A Mighty Fortress Is Our God (1)

Every Friday in 2015 we consider a verse from our “Hymn of the Month.”

A mighty fortress is our God
A bulwark never failing
Our helper He amid the flood
Of mortal ills prevailing
For still our ancient foe
Doth seek to work us woe
His craft and pow'r are great
And armed with cruel hate
On earth is not his equal

"Next to the Word of God, music deserves the highest praise.” So wrote the famous Reformer Martin Luther. This month’s hymn is A Mighty Fortress Is Our God, which is the most famous of the hymns the reformer authored (most famously translated by Frederick H. Hedge in 1853). In his vision for the revival of the gospel one of the key tools Luther saw was the use of music. And with A Mighty Fortress we celebrate the gospel that Luther discovered anew – the gospel of our Lord Jesus Christ.

We open with the words “A mighty fortress is our God; A bulwark never failing.” In the midst of turmoil and trouble is our God. He is the only ever-faithful constant. And for the Christian, we can say to the Lord, “You are a hiding place for me; you preserve me from trouble” (Psalm 32:7).

Likewise, we sing of God, “Our helper He amid the flood; Of mortal ills prevailing.” There is a beautiful word picture being drawn here of the Christian drowning in sin and in Satan’s work. David cries out “Save me, O God! For the waters have come up to my neck. I sink in deep mire, where there is no foothold” (Psalm 69:1-2). But God is our helper. He prevails even over the deep floods of sin and Satan. Though we may feel overwhelmed with guilt or sorrow, we have a helper.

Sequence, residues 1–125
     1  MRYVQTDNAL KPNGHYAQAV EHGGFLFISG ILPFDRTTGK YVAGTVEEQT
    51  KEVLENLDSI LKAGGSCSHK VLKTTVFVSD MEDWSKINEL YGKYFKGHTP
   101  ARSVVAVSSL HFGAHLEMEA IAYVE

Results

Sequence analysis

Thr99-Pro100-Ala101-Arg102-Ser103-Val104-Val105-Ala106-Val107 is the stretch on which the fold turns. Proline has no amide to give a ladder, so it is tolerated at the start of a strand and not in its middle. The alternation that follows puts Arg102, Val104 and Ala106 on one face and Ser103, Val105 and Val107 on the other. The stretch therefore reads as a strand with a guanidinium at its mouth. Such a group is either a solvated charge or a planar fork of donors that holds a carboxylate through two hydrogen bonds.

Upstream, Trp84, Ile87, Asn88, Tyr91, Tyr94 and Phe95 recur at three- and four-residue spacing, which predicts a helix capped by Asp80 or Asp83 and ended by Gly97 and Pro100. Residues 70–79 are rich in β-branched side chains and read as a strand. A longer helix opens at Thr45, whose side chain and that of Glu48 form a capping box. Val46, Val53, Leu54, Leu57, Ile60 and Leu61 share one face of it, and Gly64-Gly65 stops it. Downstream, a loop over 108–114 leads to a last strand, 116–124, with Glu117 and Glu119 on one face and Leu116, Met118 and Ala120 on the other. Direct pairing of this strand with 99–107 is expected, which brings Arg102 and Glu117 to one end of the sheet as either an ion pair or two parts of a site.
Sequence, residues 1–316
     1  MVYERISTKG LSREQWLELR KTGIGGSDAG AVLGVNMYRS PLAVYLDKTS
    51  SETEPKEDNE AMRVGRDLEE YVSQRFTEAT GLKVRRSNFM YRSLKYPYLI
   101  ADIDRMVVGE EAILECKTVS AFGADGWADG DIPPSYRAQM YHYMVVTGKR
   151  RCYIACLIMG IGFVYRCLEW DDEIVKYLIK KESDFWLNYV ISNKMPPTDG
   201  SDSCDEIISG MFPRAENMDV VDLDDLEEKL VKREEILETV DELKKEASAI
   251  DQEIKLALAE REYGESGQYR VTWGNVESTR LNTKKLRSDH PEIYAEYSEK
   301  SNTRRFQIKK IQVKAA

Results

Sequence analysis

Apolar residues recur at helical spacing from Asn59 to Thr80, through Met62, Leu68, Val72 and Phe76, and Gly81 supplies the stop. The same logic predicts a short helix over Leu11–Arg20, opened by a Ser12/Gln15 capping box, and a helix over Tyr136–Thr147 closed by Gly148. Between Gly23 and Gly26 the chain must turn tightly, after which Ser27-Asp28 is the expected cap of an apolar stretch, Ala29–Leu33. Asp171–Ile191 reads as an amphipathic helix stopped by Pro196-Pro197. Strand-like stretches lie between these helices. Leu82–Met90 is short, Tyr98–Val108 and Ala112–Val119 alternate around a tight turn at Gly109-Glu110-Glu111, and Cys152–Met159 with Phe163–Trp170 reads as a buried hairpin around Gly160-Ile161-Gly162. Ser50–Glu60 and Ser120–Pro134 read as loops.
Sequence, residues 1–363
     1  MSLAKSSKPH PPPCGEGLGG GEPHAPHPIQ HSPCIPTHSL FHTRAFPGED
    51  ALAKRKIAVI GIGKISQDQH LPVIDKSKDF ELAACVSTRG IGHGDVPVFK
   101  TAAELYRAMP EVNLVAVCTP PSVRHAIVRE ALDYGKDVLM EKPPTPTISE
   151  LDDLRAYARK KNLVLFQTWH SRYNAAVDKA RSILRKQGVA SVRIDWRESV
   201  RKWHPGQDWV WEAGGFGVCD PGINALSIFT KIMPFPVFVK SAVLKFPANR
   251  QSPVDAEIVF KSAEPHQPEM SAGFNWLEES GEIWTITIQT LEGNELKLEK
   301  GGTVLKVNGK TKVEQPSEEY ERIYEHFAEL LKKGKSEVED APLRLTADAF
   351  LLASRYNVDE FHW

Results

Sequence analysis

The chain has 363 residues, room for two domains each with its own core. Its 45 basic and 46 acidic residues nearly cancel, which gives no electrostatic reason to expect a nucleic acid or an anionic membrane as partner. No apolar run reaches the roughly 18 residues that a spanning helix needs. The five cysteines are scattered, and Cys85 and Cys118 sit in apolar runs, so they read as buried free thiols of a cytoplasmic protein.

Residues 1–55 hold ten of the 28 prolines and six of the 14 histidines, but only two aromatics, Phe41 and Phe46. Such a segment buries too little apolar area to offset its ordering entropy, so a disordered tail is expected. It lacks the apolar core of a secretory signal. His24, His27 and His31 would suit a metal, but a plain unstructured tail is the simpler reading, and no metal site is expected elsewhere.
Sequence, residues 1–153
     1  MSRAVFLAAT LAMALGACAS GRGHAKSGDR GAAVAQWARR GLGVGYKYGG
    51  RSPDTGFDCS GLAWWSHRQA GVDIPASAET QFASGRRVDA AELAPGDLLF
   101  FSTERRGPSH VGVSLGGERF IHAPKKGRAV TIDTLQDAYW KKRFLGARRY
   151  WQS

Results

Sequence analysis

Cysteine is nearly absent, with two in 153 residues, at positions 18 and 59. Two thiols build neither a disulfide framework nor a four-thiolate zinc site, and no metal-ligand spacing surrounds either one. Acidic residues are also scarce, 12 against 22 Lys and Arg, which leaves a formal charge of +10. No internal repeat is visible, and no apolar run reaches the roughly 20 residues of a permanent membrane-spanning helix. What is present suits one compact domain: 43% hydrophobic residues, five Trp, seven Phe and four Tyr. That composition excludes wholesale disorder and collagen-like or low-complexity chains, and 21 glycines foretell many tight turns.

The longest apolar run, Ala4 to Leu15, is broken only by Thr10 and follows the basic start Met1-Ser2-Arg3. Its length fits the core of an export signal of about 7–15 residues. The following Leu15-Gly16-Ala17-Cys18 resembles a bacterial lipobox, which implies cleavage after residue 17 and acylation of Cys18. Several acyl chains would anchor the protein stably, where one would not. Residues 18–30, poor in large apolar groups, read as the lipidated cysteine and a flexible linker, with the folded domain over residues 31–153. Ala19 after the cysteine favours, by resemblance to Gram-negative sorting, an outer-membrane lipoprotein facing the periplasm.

Having a helper is such good news “For still our ancient foe; Doth seek to work us woe.” How many hymns can you think of that directly reference Satan like this? This is a reflection of Luther’s theology and experience, and if the Christian has a biblical worldview they too would see it this way. There is an enemy of God’s, and therefore an enemy of those who bear the image of God (Genesis 1:26). He has been our enemy since the beginning (Genesis 3:1), and he has always worked against our best interests.

Satan’s goal is to steal glory from God. Even though his end is guaranteed as hopeless because of God’s superiority, we still must recognize that “His craft and pow’r are great; And armed with cruel hate; On earth is not his equal.” In other words, no human can stand against the devil’s schemes in their own power (Ephesians 6:11). We are in need of God’s grace and power to stand. And it is of that grace and power that we turn our attention next week in verse 2.